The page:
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Head coach Muffet McGraw of the Notre Dame Fighting Irish (L) and head coach Geno Auriemma of the Connecticut Huskies meet prior to the start of the NCAA Women's Final Four National Championship at Amalie Arena on April 7, 2015 in Tampa, Florida. (Mike Carlson/Getty Images/TNS) *FOR USE WITH THIS STORY ONLY*

Head coach Muffet McGraw of the Notre Dame Fighting Irish (L) and head coach Geno Auriemma of the Connecticut Huskies meet prior to the start of the NCAA Women's Final Four National Championship at Amalie Arena on April 7, 2015 in Tampa, Florida. (Mike Carlson/Getty Images/TNS) *FOR USE WITH THIS STORY ONLY*

The fuse on the this-is-who-we-are moment had been burning for a long time in advance of Saturday's flash-bang news that shook up the national college basketball picture and set a university's top athletic pursuits back on course.

UConn was built on basketball and it had become time for the university to protect at all costs its prized assets, the programs run by Dan Hurley and Geno Auriemma. It is with that priority firmly established in the past handful of months that led UConn out of the American Athletic Conference and into the Big East, a move that is expected to be formalized and announced in the coming days.

It's not often that one can relive part of the past while creating opportunity and potential for the future but that's where UConn is today, walking back into the right neighborhood with a realistic view on what makes present-day sense. No one, not even those at UConn, knows today what exactly will become of UConn football but that's a project for tomorrow.

UConn is a basketball school and always was, no matter the decade-old surge in football and any Power 5 aspirations that have occasionally come and gone. So while this move comes with the potential for the football program to float around aimlessly as an independent for however long FBS sustainability remains a goal, this is the time and this is the way for UConn to once again state - scream, even - that this is what we're all about.

The Huskies are about national championship-caliber basketball because they have to be. If the entire athletic operation isn't headed by a men's basketball team in place to compete with the Big East, ACC and any top programs in the Northeast, well, what the heck are we doing anyway?

UConn won't chase a football national championship in our lifetime, the Power 5 ship has sailed and the university's true brand must be re-established and strengthened. For a handful of years the stance in Storrs seemed to be that the proud basketball programs would thrive through the power of their own volition and rich history while the university pursued a the Power 5 pipe dream.

No more of that. Nothing comes at the expense of UConn basketball and nothing should. You place your most valuable pieces accordingly and let the rest fall into place from there.

UConn was out of place in the AAC. The Huskies tried to make it work but haven't competed in football in what feels like forever. AAC rivalries never took hold and basketball games are played in near-empty gyms.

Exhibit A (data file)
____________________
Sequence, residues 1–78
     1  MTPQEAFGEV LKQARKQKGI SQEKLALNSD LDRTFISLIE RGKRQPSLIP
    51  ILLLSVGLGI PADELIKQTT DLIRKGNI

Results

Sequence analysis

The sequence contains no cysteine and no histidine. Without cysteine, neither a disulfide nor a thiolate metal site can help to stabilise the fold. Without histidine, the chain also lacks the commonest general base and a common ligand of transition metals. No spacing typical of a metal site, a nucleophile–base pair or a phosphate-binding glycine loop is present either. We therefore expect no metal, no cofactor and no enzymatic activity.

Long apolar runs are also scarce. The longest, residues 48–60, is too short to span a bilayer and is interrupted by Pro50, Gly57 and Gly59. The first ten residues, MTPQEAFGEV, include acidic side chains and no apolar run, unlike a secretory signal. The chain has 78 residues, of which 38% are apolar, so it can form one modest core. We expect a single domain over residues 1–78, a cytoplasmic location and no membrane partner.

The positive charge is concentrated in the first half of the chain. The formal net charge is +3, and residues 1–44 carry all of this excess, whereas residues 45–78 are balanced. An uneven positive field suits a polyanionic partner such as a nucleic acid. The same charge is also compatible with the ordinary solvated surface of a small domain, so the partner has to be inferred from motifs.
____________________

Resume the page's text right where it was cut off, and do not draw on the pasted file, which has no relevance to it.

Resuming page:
So, the heck with it all. Conferences and football and TV contracts can't dictate everything. Programs have to get back to being who and what they are.

That's not to say basketball is all UConn has to be. So, what of football?

There are no plans to cancel the program and turn the Burton and Shenkman facilities into the nation's largest study hall. Randy Edsall and the Huskies will probably have to get used to life as an independent after spending a final season in the American Athletic Conference. That UConn is headed to the Big East without a football plan in place shows you how priorities have shifted and how important it has become to return basketball to solid ground.

UConn is going to lose money on this deal - at least initially. The American's TV deal with ESPN, announced in March, is for 12 years and $1 billion. The Big East's deal with Fox, announced when the conference was formed in 2013, is exactly half - 12 years for $500 million.

So there will be a shortfall there. Throw in the fact that UConn won't earn a full share of the conference distribution money until year six, and there is another shortfall. There will be an entry fee. There is a $10 million AAC exit fee that could grow, will certainly have to be negotiated, because UConn plans to start Big East play in 2020-21, well below the AAC's mandatory exit notice of 27 months.

Anyway, this isn't about numbers or dollars. It's about what is right for UConn - what feels right, what looks right. It's about the Northeast, familiar opponents, old relationships renewed. The Big East brings prestige back to basketball. It brings UConn back to sold-out Madison Square Garden. It puts the Huskies on buses to Providence and St. John's instead of on planes to Houston and New Orleans. It creates long-term earning power in men's basketball.

The Huskies have been far down this road before, two years ago exploring the possibility of joining the Big East before sticking points like astronomical entry and exit fees made it an untenable situation. This time, it's a perfect marriage.

It's not like the Big East, with two Villanova national championships in the past four years, has been hurting. But adding UConn adds a national brand to a top national conference. And if you believe in Hurley, you believe the Big East is adding what will again become a top national program.

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